What is the Child Nutrition Act?

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  • Written By: Susan Grindstaff
  • Edited By: Heather Bailey
  • Last Modified Date: 30 September 2019
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The U.S. Congress passed the Child Nutrition Act in 1966 to help ensure that children in the U.S. had access to healthy foods. It was believed that many children who lived in poverty might not be receiving healthy meals at home, so the primary goal of the act was to make sure that they would get those quality meals at school either free of charge or at a reduced rate. For the first time, the federal government took a strong role in setting forth guidelines that school lunch programs needed to follow in order to receive federal funding for lunch programs. The Child Nutrition Act does involve other programs, but the focus of the program involves foods served at public schools.

The Child Nutrition Act is set up so that every five years the program has to be re-enacted. This was done to incorporate new science that might become applicable to nutrition. For instance, in the past few years, new research into the rise of childhood obesity and conditions such as hypoglycemia have led to many changes in the types of foods that can be served at schools. For decades, the guidelines for meals were considered “ingredient” based, which led to foods being served that were often carbohydrate-heavy and over-processed. There is a current movement to have the program use guidelines that are based on requiring specific foods, rather than ingredients.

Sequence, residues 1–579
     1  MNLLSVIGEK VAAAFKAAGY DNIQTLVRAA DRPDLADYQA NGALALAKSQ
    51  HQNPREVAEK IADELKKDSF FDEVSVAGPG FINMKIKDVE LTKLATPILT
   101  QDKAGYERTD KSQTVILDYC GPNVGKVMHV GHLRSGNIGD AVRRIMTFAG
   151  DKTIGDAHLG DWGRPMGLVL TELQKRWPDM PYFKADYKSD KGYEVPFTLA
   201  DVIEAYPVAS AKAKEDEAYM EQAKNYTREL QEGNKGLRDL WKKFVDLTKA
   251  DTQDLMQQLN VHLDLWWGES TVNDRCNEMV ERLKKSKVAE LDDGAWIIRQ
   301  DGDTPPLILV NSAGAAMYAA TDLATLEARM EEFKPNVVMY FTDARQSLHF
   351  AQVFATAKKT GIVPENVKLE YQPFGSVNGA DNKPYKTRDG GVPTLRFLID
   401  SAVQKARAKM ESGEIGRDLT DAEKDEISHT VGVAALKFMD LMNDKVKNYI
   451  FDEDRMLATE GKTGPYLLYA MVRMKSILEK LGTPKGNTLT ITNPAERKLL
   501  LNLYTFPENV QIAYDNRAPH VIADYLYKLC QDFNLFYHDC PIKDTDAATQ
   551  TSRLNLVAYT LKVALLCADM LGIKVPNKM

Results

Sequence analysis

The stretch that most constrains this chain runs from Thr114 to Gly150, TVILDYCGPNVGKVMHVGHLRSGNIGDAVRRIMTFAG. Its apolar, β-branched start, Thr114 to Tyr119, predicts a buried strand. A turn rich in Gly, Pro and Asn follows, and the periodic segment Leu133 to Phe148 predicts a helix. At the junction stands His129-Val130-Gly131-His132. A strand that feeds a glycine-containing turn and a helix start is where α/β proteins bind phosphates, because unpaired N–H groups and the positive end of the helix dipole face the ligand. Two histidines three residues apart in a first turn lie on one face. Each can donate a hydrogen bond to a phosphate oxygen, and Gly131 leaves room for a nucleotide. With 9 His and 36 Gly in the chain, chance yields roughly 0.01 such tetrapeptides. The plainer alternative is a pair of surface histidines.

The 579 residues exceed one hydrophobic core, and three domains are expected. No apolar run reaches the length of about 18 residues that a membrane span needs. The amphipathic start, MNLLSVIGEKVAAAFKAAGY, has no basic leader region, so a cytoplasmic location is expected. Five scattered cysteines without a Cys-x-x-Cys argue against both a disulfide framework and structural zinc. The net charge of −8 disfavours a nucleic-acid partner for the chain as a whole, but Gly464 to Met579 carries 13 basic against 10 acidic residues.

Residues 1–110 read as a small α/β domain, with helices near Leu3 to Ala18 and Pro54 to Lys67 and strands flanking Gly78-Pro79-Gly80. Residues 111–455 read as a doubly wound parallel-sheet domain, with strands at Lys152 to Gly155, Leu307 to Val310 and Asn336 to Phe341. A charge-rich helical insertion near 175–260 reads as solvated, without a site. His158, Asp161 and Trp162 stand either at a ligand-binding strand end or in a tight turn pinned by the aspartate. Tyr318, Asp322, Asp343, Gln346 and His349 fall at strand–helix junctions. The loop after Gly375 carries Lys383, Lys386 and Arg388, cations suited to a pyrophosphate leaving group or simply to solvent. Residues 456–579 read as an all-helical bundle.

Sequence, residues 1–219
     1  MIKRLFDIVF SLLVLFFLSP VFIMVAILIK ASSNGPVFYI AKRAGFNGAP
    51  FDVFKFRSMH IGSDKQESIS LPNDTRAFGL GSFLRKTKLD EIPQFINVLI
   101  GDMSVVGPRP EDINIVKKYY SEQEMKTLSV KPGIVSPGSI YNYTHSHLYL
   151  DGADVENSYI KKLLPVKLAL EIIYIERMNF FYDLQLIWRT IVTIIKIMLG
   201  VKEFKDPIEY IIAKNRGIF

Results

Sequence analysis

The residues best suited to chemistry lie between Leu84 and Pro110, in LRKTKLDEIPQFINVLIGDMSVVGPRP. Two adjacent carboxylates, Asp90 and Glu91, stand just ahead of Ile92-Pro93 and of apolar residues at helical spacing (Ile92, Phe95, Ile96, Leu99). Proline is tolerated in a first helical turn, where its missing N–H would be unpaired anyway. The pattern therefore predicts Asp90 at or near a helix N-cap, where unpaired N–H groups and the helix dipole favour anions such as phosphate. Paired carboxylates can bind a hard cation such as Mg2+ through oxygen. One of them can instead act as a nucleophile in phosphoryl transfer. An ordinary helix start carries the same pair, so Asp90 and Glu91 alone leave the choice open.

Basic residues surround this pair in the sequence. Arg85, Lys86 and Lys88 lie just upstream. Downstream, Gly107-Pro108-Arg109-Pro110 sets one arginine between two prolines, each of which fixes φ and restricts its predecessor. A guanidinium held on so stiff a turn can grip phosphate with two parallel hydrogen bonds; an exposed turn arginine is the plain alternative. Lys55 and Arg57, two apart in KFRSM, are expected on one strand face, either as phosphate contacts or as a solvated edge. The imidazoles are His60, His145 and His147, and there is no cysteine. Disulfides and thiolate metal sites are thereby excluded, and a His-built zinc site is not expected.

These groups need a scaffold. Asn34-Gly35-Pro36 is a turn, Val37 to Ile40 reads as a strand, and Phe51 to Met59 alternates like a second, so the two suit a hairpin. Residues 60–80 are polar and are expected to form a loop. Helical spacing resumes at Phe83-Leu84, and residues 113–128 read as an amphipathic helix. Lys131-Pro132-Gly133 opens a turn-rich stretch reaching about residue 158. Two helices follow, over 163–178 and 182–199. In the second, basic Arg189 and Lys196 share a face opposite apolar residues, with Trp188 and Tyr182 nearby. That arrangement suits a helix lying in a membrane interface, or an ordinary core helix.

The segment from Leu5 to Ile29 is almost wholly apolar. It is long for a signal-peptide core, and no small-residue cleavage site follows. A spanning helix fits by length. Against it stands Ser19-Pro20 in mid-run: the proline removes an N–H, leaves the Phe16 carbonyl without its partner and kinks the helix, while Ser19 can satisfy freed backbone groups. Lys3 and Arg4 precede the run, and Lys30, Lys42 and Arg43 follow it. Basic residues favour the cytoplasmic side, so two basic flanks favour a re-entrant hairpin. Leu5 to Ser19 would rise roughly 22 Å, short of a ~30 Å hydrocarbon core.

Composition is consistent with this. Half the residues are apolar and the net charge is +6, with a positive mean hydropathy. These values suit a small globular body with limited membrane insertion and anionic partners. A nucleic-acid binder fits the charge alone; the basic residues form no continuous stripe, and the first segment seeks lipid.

Some schools believe the Child Nutrition Act is a mixed blessing. On the one hand, it does help fund their lunch programs, but that funding requires that the government also have control over what is offered in school vending machines. Schools typically depend on money collected from the vending machines to help offset school costs. For this reason, vending machines that offer candy and soft drinks generate much more cash than do machines that offer more healthy snacks.

In addition to controlling what can be sold in vending machines, the Child Nutrition Act also limits what schools can do with vending machine profits. Profits generated prior to and during the school lunch period must be put back into food funding. Profits generated after lunch is over may be spent at the individual school’s discretion.

Other important wellness programs that fall under the jurisdiction of the Child Nutrition Act include the Summer Food Service Program and the Nutrition Program for Women, Infants, and Children (WIC). WIC is considered a popular and successful program that provides free food to women who are pregnant or who have small children in the household. The content of the free food is very specific, geared toward increasing consumption of iron, proteins, and fibers.


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Post 1

Where was the Child Nutrition Act at my middle school? The main things I remember being served were breadsticks with nacho cheese sauce, "nachos" (being chips and nacho cheese sauce), personal pizzas and Chinese Food (fried rice or chow mein). Maybe the cafeteria food was healthier? This was in the late 90s. I hope it's gotten better.

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